Luminary Ring (AV): Increase the range of powers that heal or give bonuses, nice things like Wrath of the Gods. Apparently this includes attack powers that do those things as well, not just utilities, which makes this even more amazing.
Ring of Regeneration (PHB): Item bonus to healing surge value as a property, and the daily, after a milestone, gives you regeneration 10 and gives you back a healing surge. Good.
Gargoyle Ring (AV): Save against petrification, even when you are petrified. Nice.
Ring of the Phoenix (AV): Solid fire resistance property, and a very nice self-resurrection daily power.
Shadow Band (AV): Concealment all the time. Great fun.
Ring of Free Time (AV2): Resist 5 all constantly is awesome enough. Then there's the one extra minor action per encounter from this ring ... which turns into an extra minor action every single round after the first milestone. Incredible, since you tend to use your minor actions a lot. For certain builds, particularly those with sustain-minor powers, this could even be essential.
Belt of Vigor (PHB): Item bonus to healing surge value. Solid start.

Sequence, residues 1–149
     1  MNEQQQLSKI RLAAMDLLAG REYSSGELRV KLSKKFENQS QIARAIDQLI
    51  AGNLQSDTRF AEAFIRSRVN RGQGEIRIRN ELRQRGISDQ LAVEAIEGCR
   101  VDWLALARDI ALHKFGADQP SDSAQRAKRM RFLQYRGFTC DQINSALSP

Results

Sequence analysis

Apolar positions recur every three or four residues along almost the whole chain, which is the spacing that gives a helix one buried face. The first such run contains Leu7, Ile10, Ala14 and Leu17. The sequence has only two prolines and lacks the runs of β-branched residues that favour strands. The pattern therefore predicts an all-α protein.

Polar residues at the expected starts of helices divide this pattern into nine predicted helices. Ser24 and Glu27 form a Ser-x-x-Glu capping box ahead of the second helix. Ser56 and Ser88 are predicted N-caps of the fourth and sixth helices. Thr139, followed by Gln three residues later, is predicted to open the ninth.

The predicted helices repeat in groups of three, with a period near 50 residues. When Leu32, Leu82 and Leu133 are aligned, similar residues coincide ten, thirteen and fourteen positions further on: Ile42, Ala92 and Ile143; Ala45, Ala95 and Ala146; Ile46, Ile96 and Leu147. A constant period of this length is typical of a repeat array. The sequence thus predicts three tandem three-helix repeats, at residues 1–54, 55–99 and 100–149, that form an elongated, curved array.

Cincture of the Dragon Spirit (AV): If you're allowed liberal use of the Intimidate skill in combat this could be handy.
Belt of Sacrifice (PHB): Item bonus to nearby allies' healing surge value. Great property. Ignore the daily.
Rope of Slave Fighting (AV): Attack normally when prone. Nice. The Paragon Tier version cancels combat advantage when prone as well.
Belt of Vim (AV): Untyped Fortitude bonus. Comes in a version at each tier. Just a great all-purpose benefit.
Diamond Cincture (AV2): Item bonus to Fortitude with the opportunity to spend more healing surges if you need to. Good one, for sure, but since you can easily pick up ways to use your own healing surges every encounter, it's not the be-all, end-all like it is for some other classes.
Baldric of Valor (AV): Bonuses to attack, saves and defenses for action point usage. Nice.
Belt of Vitality (AV): +2 untyped bonus to Fortitude, and once per day get back up when you make a death save. Very nice.
Jade Horse (D 393): Doesn't hurt to have a backup mount handy in case your summoned steed goes under for the day. The ability to charge without drawing OAs and a Trample that works on enemies of all sizes make this a solid backup, indeed.